“Dr. Ammar, look at the justifications for the group’s reactions and you will know why,” he said. “It’s the same approach adopted by the Mubarak regime and the [now defunct] National Democratic Party, but with a beard.”
Reactions by Brotherhood members were mainly defensive. Leading group member Mahmoud Ghozlan, for example, said: “In the Brotherhood’s vast experience we have found that every time such an unethical attack occurs, popular support for the group increases.”
Leading FJP figure Ahmed Abou Baraka, for his part, stated: “We cannot separate the revolutionaries from the Brotherhood. The latter was established in 1928 during a state of revolution. It has fought injustice and seen tens of thousands of its members martyred in different eras, under presidents Nasser, Sadaat and Mubarak.”
He added: “Those who want us to apologise should themselves apologise to the Egyptian people for asking the SCAF to remain in power for years when they said that Egypt’s political forces were not ready for parliamentary elections.”
In March, the SCAF held a popular referendum on proposed constitutional amendments that were approved by the overwhelming majority of Egyptians. The choice meant that the SCAF would remain in power for six months starting last April, with the option of extending the transitional phase by another three months.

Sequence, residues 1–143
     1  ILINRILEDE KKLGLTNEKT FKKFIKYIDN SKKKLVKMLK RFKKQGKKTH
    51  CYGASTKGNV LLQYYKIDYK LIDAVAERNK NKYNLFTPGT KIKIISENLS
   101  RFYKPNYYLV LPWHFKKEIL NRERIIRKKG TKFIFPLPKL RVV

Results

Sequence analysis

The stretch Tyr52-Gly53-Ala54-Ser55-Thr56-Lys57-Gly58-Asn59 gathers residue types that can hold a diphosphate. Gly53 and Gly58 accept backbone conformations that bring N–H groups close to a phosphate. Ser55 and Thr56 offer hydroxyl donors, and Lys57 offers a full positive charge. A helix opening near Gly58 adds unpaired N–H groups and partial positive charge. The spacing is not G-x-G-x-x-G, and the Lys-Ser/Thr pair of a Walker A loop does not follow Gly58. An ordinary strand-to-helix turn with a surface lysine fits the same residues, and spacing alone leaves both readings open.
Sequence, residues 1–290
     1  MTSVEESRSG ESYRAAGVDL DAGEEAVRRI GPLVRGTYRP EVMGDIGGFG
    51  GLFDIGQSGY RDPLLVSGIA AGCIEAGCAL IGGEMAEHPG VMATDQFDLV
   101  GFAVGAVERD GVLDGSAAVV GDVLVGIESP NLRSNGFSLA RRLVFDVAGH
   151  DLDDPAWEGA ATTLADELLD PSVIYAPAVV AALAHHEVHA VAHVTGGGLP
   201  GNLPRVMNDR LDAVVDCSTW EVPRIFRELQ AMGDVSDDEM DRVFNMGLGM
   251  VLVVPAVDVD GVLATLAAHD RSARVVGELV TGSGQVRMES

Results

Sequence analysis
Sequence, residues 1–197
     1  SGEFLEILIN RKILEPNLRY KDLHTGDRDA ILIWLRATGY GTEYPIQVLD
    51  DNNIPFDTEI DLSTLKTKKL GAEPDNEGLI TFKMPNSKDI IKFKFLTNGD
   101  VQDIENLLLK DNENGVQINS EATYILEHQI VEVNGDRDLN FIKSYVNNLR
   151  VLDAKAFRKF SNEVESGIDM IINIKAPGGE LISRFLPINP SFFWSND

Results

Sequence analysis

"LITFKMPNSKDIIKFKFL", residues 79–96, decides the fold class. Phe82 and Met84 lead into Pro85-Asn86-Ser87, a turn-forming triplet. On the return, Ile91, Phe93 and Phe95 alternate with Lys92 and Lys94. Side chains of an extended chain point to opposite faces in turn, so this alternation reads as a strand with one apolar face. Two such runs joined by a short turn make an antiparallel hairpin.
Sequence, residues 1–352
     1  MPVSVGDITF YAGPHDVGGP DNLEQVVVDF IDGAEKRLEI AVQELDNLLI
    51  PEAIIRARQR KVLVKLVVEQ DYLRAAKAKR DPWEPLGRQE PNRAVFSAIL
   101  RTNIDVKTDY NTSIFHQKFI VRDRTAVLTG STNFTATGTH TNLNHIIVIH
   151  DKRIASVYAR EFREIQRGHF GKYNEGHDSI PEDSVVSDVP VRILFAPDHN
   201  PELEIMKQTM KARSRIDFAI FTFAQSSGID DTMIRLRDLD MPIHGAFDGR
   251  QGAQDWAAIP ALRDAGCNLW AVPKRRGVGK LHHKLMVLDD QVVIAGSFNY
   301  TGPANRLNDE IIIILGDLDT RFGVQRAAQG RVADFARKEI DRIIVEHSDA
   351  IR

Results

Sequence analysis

The amendments also stipulated that People’s Assembly elections be held right away, to be followed respectively by elections for the Shura Council (the upper, consultative house of Egypt’s parliament), presidential polls and the drafting of a new constitution.
What happened in reality, however, was a different story.
The SCAF has now been in power for almost a year and has repeatedly promised to hand over executive authority in June following scheduled presidential elections. Facing pressure from continuous demonstrations, nonetheless, the military council is reportedly mulling the idea of stepping down in the short-term future – an option the Brotherhood has never supported.
“We agree that power must be transferred from the military council to an elected civilian authority,” said FJP Secretary-General Mohamed El-Beltagi. “But the FJP also believes we should remain committed to the current timeline that calls for a handover of power in June.”
As it currently stands, a new national charter is also due to be drawn up before upcoming presidential polls, even though the results of the March referendum stipulated the opposite.